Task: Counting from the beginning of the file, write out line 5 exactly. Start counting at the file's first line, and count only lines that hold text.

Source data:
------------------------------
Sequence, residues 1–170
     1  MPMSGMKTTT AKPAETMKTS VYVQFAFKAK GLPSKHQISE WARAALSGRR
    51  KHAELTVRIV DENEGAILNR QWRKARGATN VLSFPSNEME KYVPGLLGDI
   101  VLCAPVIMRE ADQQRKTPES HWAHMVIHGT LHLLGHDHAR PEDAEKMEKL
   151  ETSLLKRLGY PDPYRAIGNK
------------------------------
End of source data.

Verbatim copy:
   151  ETSLLKRLGY PDPYRAIGNK